It’s been ten months since we moved from Las Vegas, but it still feels like we’re in transition. I’m over at The Mudroom today talking about being in the middle of the wilderness:
“We’re in our mid-thirties with two kids. We’re living with parents while others our age are buying homes and storing away for retirement 30 years down the road or less. We left a home, mild traffic (this is something when Southern California traffic can be hell on earth), and good insurance. We moved back home with the excitement of God doing new things in our lives and a willingness to follow Him wherever He leads us. But the novelty of change soon became dull, and we entered into the long in-between.”
Our nation is set to welcome Donald Trump as President tomorrow, and everything in me mourns- not because I fear him but because he’s become a catalyst to unleash the ugliness within.
I felt concussed most of November trying to sort through what had happened. I felt betrayed by those who share my faith, scared for those whose well-being and lives were being threatened because they were seen and labeled as outsiders. I was despairing and felt hopeless that a nation that boasts of progress is still so backwards.
I watched Obama’s farewell speech the only way I knew I could- alone with a box of tissues and a cup of hot tea. I was expecting to be inspired, to hear him call us to justice, to get me riled up and ready to face what’s to come. But his speech wasn’t a fiery sermon. It didn’t get me on my feet shouting hallelujahs and amens. Instead it was a heartfelt reflection of where we are and how we can move forward from here, and though it was inspiring, it made me wonder if having hope in people is too naive.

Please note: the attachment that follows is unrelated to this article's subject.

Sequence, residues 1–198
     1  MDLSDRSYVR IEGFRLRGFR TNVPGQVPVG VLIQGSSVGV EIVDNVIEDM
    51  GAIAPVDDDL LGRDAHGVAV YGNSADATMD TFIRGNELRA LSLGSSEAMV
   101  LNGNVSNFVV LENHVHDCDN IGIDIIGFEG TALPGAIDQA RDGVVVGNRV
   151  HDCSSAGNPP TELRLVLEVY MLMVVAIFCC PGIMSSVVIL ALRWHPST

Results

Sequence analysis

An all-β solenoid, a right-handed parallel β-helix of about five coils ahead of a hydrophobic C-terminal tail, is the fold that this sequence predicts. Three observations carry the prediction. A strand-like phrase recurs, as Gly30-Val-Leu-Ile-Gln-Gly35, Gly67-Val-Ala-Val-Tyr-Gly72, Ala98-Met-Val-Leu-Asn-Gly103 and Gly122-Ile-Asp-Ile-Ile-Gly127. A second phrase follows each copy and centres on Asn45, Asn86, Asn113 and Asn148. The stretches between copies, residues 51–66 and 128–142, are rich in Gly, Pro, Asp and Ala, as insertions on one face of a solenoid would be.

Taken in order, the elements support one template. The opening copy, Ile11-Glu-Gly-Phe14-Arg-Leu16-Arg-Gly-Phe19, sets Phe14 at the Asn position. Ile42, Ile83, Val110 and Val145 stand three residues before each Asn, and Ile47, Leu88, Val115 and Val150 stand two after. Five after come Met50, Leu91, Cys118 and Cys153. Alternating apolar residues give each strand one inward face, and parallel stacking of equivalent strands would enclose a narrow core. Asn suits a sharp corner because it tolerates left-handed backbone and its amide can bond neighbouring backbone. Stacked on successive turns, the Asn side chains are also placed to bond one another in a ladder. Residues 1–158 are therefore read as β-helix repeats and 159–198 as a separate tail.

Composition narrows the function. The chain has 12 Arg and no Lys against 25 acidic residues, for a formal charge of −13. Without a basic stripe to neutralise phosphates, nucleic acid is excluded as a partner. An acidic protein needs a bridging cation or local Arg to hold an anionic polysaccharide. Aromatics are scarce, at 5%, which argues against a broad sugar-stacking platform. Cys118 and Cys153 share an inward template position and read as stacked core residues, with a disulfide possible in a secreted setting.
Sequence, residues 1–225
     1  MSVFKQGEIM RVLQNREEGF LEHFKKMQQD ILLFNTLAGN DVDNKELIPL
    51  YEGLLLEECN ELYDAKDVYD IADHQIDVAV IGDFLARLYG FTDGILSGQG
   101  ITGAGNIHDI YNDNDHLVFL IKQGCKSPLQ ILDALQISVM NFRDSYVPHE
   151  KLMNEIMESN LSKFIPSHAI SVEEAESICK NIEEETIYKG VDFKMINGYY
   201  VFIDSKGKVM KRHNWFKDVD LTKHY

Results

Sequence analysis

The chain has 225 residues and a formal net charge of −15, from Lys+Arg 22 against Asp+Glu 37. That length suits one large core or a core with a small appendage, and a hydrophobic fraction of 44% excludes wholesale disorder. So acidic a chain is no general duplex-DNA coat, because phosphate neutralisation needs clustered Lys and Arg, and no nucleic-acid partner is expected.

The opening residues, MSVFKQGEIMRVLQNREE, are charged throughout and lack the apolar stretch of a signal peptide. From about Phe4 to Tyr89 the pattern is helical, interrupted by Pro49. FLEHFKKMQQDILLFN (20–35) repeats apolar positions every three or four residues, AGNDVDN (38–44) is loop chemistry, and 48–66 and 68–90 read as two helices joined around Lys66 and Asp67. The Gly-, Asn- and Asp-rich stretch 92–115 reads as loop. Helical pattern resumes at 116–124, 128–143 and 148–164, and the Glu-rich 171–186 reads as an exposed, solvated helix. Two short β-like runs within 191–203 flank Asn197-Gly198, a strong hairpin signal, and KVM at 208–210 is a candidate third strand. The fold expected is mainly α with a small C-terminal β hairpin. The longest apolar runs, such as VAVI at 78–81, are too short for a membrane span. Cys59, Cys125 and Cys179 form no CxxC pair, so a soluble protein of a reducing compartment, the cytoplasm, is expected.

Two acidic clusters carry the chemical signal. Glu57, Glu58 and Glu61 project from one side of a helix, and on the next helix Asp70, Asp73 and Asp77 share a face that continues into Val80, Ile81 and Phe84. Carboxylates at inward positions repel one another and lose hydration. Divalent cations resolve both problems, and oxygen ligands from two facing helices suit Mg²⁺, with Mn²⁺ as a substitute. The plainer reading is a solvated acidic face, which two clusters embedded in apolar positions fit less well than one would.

The days leading up to and after Thanksgiving I was bombarded with ad after ad for Black Friday, Small Business Saturday, and Cyber Monday. They were shouting at me, enticing me, telling me “good news” in the midst of hard times. Free shipping! Buy One Get One! Lowest prices of the year! Such sweet words to my frugal soul. They understood the game of shopping for me- getting the most bang for my buck. Funds had never been overly abundant in my life so deals had always been something to relish and boast of.
But with the many goodbyes and transitions we’ve gone through this year, with the heartache around the world and with the current of fear and grief running through our nation, I’ve lost taste for it. Possessions seem like sand slipping through our fingers in light of it all. Little of what we own will last in value or entertainment or even in sentimentality when life requires us to downsize and move or forces us from our normal lives into the unknown…